Pituitary 2017 07 08() doi 10.1007/s11102-017-0818-6
In this study, we set out to define our institutional criteria for patient eligibility for transsphenoidal resection of parasellar meningiomas, and to report our experience with extended transnasal approaches for these lesions. We aimed to discuss the important considerations of patient selection and risk stratification to optimize outcomes for patients with these difficult lesions, and also include considerations that should be reviewed during surgical approach selection.
Medical records from Brigham and Women’s Hospital were retrospectively reviewed for all patients who underwent transsphenoidal surgery for pituitary disease with the senior author from April 2008 to March 2017 (938 procedures). Patients undergoing surgery for anterior skull base meningioma were identified and patient data were collected.
Seven patients (four women, three men) underwent transsphenoidal resection (five endoscopic, one microscopic, and one hybrid endoscopic/microscopic) of pathologically-confirmed anterior skull base meningiomas during the study period. Five patients presented with visual field deficits, three presented with headache, two presented with hypopituitarism, and one woman presented with infertility. The median maximum tumor diameter was 1.7 cm (range 1.4-4.2 cm). Six patients underwent subtotal resection, and one underwent gross total resection. The median MIB-1 index was 2.3 (range 1.0-7.6). Complications included two readmissions (one on POD11 for small bowel obstruction, one on POD48 for epistaxis), and the development of new onset thyroid deficiency and transient diabetes insipidus in one patient. Two patients had reoperations by craniotomy for tumor recurrence after 5 and 6 years, respectively.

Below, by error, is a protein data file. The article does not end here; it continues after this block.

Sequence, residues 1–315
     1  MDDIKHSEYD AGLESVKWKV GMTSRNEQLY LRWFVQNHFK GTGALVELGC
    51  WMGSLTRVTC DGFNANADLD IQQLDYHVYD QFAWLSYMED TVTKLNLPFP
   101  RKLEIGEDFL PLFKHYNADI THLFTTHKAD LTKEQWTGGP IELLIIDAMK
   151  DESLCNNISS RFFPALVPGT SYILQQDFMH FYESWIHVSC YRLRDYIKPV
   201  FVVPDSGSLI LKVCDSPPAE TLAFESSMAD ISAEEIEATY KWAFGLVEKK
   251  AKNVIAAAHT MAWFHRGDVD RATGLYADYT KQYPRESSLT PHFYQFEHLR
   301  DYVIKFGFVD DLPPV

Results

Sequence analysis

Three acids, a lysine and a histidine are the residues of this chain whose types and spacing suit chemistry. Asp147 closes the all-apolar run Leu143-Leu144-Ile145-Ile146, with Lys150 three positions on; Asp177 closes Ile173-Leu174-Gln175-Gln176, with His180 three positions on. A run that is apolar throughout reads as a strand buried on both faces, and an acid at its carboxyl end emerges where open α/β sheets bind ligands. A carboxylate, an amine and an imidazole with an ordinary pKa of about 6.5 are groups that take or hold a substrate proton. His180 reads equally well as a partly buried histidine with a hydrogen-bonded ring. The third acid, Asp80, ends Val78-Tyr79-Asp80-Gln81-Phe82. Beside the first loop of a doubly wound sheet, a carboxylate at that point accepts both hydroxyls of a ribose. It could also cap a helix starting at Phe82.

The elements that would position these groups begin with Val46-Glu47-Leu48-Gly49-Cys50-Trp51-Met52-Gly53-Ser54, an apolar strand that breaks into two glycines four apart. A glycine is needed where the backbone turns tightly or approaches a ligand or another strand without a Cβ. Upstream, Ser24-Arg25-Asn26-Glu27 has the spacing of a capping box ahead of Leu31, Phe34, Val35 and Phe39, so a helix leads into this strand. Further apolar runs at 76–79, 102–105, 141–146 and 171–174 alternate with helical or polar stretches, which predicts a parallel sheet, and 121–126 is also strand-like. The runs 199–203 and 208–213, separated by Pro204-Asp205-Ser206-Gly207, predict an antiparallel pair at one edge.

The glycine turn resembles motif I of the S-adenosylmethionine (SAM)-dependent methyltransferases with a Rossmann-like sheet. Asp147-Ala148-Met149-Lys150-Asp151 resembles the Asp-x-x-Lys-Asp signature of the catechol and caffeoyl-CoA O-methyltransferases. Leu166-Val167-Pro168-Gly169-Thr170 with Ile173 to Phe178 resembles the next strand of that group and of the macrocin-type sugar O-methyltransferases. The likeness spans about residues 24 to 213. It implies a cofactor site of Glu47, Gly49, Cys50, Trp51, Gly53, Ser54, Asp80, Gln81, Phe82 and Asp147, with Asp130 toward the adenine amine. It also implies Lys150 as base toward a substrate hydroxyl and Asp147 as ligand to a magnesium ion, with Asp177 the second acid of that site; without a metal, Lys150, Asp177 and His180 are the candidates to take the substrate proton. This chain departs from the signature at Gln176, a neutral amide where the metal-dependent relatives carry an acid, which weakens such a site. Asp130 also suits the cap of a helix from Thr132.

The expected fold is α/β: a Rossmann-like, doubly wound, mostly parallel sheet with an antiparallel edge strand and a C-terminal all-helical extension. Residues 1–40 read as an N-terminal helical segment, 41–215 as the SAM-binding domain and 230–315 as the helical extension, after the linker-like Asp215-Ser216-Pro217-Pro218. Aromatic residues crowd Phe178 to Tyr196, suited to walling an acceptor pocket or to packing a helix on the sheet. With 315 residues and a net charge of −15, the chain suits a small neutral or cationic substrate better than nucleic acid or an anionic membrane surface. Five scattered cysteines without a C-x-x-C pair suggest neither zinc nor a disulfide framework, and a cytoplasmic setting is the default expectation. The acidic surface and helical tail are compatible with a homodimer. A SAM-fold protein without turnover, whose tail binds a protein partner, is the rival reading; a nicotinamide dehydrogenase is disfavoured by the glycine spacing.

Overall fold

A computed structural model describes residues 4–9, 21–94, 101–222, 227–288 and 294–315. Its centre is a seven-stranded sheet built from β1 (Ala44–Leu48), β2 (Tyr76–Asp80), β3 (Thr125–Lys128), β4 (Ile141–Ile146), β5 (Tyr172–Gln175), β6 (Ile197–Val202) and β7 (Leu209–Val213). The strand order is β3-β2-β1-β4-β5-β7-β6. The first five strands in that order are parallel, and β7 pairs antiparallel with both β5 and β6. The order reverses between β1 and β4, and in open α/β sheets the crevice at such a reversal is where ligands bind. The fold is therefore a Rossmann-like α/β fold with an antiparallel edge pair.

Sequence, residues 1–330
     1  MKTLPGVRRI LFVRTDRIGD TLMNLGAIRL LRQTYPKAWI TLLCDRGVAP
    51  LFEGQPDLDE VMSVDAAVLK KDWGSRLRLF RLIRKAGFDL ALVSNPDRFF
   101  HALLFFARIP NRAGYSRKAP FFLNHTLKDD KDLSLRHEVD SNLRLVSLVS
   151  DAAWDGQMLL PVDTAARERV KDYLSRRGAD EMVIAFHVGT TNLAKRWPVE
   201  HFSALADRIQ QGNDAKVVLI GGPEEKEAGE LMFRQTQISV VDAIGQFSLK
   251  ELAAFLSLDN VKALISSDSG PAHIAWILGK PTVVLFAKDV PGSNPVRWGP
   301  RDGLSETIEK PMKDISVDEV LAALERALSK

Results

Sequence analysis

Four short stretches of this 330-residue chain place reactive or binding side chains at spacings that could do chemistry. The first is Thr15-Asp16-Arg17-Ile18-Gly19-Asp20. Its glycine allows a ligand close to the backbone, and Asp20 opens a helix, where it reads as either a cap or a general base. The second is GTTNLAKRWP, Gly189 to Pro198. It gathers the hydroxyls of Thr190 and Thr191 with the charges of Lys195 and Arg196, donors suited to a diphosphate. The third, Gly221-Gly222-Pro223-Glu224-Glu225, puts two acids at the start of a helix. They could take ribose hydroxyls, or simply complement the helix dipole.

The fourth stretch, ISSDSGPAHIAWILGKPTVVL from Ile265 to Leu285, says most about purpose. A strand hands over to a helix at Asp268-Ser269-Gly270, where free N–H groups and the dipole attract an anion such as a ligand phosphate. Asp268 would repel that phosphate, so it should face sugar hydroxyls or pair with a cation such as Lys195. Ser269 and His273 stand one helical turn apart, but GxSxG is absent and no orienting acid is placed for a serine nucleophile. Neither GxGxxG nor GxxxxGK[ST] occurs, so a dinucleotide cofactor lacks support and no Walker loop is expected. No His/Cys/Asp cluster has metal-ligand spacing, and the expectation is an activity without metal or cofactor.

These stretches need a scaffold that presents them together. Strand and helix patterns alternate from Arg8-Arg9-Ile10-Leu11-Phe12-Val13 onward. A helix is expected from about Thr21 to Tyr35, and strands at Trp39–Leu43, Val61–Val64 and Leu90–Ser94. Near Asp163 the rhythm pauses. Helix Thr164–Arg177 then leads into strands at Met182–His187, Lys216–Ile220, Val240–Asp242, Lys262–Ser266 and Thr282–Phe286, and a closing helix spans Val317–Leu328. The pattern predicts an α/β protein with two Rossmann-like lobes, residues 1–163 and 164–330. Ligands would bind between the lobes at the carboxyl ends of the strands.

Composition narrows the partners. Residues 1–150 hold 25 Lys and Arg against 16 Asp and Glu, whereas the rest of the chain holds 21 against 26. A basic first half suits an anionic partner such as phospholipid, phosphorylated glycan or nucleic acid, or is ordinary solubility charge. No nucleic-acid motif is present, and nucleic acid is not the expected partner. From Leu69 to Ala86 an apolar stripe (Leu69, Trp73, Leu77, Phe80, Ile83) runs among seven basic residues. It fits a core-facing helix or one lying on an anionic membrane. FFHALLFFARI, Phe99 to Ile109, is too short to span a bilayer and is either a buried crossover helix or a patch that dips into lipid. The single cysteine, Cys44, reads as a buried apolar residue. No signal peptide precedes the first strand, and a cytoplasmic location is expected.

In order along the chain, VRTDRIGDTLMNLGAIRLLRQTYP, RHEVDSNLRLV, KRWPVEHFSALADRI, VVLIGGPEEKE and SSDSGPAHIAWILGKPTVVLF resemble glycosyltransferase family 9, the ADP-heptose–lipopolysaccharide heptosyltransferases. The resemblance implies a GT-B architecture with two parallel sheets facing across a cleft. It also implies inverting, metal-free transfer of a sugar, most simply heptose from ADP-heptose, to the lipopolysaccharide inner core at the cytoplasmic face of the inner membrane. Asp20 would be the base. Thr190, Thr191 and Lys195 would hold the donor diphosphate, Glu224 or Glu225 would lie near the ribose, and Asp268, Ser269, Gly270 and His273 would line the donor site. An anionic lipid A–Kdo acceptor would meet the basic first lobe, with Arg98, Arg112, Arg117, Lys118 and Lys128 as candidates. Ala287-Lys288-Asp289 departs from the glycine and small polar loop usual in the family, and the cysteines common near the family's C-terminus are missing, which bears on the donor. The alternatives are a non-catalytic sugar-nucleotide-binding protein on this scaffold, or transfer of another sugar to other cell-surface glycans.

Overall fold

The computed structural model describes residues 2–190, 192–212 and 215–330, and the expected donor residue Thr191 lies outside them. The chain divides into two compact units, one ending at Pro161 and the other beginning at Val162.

Although more commonly treated transcranially, anterior skull base meningiomas are sometimes amenable to resection transphenoidally. Patient selection is critical, and multiple factors, including tumor size, consistency, and location, patient and surgeon preference, and presenting symptoms each affect the optimum surgical approach. We have developed criteria for patient selection so that transsphenoidal surgery can be used to resect or debulk anterior skull base meningiomas safely and with favorable outcomes.